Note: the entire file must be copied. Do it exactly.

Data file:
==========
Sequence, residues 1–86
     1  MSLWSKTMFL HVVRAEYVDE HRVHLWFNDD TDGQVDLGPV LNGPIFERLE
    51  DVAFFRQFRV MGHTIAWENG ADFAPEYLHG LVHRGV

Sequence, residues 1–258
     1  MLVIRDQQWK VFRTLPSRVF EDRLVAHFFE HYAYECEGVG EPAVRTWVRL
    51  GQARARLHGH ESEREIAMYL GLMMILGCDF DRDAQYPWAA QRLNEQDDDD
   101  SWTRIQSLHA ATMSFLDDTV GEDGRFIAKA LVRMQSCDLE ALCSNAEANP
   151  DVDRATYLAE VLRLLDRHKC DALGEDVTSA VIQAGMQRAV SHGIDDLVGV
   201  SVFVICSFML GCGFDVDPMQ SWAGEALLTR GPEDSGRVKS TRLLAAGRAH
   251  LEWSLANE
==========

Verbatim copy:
Sequence, residues 1–86
     1  MSLWSKTMFL HVVRAEYVDE HRVHLWFNDD TDGQVDLGPV LNGPIFERLE
    51  DVAFFRQFRV MGHTIAWENG ADFAPEYLHG LVHRGV

Sequence, residues 1–258
     1  MLVIRDQQWK VFRTLPSRVF EDRLVAHFFE HYAYECEGVG EPAVRTWVRL
    51  GQARARLHGH ESEREIAMYL GLMMILGCDF DRDAQYPWAA QRLNEQDDDD
   101  SWTRIQSLHA ATMSFLDDTV GEDGRFIAKA LVRMQSCDLE ALCSNAEANP
   151  DVDRATYLAE VLRLLDRHKC DALGEDVTSA VIQAGMQRAV SHGIDDLVGV
   201  SVFVICSFML GCGFDVDPMQ SWAGEALLTR GPEDSGRVKS TRLLAAGRAH
   251  LEWSLANE